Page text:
User talk:Martin Gutzwiller

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    Answer to the reviewer C for the article Quantum Chaos

    1. Figure 4 is a plot for obtaining the spectrum of the anisoscopic Kepler problem (AKP) where a function of the energy is plotted. The intersections of this function with the axis yield the bound states once with the help of 8 and once with 71 periodic orbits (PO), with obvious improvements. Figure 5 is a comparable table of numerical results, a) the simple quantum calculation of 1969, b) the first of all times calculation with periodic orbits, including 3 more levels, of 1980, c) the first modern quantum calculation of 1988. Neither of these details are hard to understand, and they are valuable for the reader in showing the kind of precision one can achieve.

    2. The idea of "resurgence spectroscopy" for me is a spectacular new way to move from the experimental spectrum of the energies for the bound states to the times of the PO's in the classical mechanics. That is more than a "technical" achievement, and many readers will appreciate it.

    Notice that I would like to mention not only the grand ideas, but also the detailed outcome in specific simple cases. Number 1. and 2. are obviously necessary in order to convey to the reader the technical importance of our understanding of PO's. That depends on what the reader wants to find, but I am speaking for those like myself who need such clear demonstrations of a great idea in physics.

    3. Two important directions I have not persued:

    A) The work of Michael Berry on the "meaning of the trace formula" has not been mentioned. First, I have not mentioned anybody at all, particularly, any of my many colleagues (including myself) in connection with any detail. I could mention Pouncare, Dirac, Feynman, and Selberg, because they are no longer alive, and their work is well before and above the level of Quantum Chaos. More specifically, Michael Berry took almost 10 years to believe the trace formula, and there is an article in 1976 of Proc.Roy.Soc. where I am negatively quoted for promoting the trace formula (TF). He did eventually come around to recognize the TF, and we always were on good terms. So I decided to add a famous talk he gave on "Quantum Chaology" in 1987 to Some Reading.

    B) The work on the time dependence in Quantum Chaos, which was discussed first by Joseph Ford of Atlanta, and his friends in Como, Italy, and in Novosibirsk, Russia, is indeed not mentioned, except somewhat casually among "concert halls, drums, church bells, tsunamis, etc." I could make an effort in that direction, but I would not feel very competent about it. Maybe somebody can write an appendix, or a separate article.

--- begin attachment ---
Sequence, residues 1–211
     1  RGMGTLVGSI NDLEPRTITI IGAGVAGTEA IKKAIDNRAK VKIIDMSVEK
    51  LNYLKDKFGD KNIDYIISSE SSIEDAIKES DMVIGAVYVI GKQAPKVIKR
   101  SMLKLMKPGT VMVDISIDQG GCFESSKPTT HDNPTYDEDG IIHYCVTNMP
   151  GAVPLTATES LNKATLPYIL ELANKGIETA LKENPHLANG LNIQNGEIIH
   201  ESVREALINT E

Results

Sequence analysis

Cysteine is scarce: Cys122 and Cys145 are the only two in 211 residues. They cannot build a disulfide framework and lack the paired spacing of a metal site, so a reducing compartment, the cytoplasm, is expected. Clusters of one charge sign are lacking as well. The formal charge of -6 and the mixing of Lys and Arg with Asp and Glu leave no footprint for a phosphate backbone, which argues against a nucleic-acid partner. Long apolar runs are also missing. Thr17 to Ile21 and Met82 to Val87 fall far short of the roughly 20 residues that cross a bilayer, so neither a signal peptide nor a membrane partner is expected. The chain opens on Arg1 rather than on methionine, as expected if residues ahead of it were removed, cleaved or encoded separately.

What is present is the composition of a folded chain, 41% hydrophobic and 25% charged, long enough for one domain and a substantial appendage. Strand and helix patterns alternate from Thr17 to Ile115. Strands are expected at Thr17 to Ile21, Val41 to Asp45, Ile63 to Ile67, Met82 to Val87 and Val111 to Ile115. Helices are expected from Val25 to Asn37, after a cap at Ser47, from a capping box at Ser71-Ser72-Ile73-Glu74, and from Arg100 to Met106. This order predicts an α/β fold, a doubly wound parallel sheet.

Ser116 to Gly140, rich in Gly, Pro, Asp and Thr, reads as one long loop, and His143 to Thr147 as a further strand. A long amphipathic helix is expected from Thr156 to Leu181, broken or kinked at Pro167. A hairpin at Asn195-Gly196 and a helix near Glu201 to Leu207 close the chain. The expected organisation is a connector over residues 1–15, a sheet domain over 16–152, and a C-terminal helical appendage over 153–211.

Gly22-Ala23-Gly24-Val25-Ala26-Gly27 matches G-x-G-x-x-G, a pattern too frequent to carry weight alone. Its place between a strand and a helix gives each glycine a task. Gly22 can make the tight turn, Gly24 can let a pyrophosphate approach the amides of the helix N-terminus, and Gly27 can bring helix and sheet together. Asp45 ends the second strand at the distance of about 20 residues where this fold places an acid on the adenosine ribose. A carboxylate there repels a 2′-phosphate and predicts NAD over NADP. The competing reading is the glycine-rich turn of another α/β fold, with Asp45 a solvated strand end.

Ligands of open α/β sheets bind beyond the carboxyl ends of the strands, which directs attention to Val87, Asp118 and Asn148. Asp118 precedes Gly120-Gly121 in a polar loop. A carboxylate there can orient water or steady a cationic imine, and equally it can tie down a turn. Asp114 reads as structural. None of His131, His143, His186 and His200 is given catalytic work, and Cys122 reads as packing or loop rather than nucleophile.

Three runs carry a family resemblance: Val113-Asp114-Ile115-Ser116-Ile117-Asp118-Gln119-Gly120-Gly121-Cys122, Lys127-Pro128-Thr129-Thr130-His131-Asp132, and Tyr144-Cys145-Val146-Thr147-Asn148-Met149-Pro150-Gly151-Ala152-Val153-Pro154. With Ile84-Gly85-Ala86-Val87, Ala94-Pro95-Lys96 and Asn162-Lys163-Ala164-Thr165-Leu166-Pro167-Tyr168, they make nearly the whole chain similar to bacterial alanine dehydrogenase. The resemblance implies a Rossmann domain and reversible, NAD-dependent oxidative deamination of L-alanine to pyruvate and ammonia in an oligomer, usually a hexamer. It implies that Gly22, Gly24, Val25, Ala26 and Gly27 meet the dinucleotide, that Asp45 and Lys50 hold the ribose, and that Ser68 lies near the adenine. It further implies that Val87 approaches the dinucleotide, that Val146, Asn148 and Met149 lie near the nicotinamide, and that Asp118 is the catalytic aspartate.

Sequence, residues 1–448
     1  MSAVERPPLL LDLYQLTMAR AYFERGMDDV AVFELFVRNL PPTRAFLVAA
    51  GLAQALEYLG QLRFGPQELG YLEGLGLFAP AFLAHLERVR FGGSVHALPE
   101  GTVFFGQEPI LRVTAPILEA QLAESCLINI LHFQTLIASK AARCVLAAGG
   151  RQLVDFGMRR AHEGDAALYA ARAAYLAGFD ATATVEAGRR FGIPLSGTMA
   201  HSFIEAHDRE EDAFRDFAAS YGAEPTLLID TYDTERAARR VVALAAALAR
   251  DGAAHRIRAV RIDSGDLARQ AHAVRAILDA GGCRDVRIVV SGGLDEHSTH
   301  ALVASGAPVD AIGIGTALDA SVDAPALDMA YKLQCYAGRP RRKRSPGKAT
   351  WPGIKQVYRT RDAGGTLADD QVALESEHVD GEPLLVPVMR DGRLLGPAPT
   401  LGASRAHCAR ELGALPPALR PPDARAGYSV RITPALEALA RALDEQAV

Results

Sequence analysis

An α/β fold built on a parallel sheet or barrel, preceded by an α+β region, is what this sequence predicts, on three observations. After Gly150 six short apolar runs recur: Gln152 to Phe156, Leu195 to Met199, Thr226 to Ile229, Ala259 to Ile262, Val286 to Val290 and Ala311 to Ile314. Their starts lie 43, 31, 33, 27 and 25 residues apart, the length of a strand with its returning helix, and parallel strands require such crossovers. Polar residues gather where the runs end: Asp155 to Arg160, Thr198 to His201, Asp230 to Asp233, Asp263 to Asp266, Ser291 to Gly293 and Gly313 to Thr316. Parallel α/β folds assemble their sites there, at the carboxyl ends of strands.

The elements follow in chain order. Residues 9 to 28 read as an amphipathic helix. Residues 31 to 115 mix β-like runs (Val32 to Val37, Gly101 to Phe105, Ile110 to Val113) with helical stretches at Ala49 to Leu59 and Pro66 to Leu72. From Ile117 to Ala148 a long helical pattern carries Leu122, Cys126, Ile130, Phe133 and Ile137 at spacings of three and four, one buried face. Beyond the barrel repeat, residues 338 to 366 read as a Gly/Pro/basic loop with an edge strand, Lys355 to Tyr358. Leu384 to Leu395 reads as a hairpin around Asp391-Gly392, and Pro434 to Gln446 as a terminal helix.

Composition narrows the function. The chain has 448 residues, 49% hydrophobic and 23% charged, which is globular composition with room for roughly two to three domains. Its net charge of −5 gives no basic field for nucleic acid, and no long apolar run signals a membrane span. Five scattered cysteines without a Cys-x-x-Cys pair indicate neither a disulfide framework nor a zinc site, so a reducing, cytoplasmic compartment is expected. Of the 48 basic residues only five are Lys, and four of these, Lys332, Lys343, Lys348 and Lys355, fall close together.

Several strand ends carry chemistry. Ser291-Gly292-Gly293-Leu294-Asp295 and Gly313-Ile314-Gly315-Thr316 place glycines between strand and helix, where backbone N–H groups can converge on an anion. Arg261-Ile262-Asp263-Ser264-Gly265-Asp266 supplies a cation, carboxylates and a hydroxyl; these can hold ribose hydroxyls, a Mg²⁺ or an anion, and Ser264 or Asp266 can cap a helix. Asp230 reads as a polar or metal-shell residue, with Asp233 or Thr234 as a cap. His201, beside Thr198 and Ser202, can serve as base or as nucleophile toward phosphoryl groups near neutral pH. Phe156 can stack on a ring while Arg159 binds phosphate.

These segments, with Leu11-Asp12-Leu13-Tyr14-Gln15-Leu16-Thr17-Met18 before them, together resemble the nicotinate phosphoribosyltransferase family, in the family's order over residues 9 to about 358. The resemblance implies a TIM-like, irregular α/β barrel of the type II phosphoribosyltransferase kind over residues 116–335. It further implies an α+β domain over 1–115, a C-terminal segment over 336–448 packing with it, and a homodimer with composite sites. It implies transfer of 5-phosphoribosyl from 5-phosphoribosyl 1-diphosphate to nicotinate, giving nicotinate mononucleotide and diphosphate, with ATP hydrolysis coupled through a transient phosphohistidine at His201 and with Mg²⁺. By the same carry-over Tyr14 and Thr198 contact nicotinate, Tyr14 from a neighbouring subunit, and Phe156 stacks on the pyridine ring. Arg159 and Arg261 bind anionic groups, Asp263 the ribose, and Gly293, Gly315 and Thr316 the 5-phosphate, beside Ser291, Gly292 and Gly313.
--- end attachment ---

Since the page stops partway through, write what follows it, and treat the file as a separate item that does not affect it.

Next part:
Comments on reviewer B:

    He rightly insists on precise formulations and avoidance of "intuitive' explanations, because many readers have not as yet developed a thorough acquaintance with the topic to be explained. Therefore, the recommendations of reviewer B should be accepted. 1. "small systems like atoms and molecules" instead "atoms and molecules". 2. The physical length of any arbitrary trajectory is obtained by summing for each time interval the difference of the kinetic energy minus the potential energy. This measure was worked out 1760 by Lagrange as a young man in his native Torino (Italy). I cheerfully admit that, in contrast to the total energy = kinetic energy + potential energy, the difference of the energies does not appeal to my intuition. But Lagrange's idea is fundamental in mechanics. 3. My effort to provide some intuitive interpretation of the trace formula is not successful. It may be sufficient to point out the difference between the resonances in QM and the lengths of the periodic orbits in CM, which contribute some classical waves running around the the PO. I still think that this approximation between spectrum and PO's represents some real physics. 4. The curvature of any 2-d surface has a profound effect on the stability of the geodesics, as Hadamard discovered at the end of the 19-th century. The ideal case are the surfaces where the Gaussian curvature is the same everywhere. Poincare among others worked on this topic; they are some sort of ideal chaos for their geodesics. But their connection with quantum chaos comes through the trace formula, which happens to be exact on such surfaces. Selberg hoped that the Riemann zeta function would be a special case, and could be proved in this manneer. 5. The spectrum in figure 6 is not random, because of its relation to the classical PO's. But could have explained the correlation functions before the trace formula. 6. Figure 12 shows a nuclear spectrum in the neutron region. The lines are very sharp, and the measurements were done in the 1950's without explanation, or relation to some other physics. 7. Nuclear physicists have every reason to be unhappy compared to atomic and molecular physicists, because the forces among the particles in a nucleus are not understood, even now!

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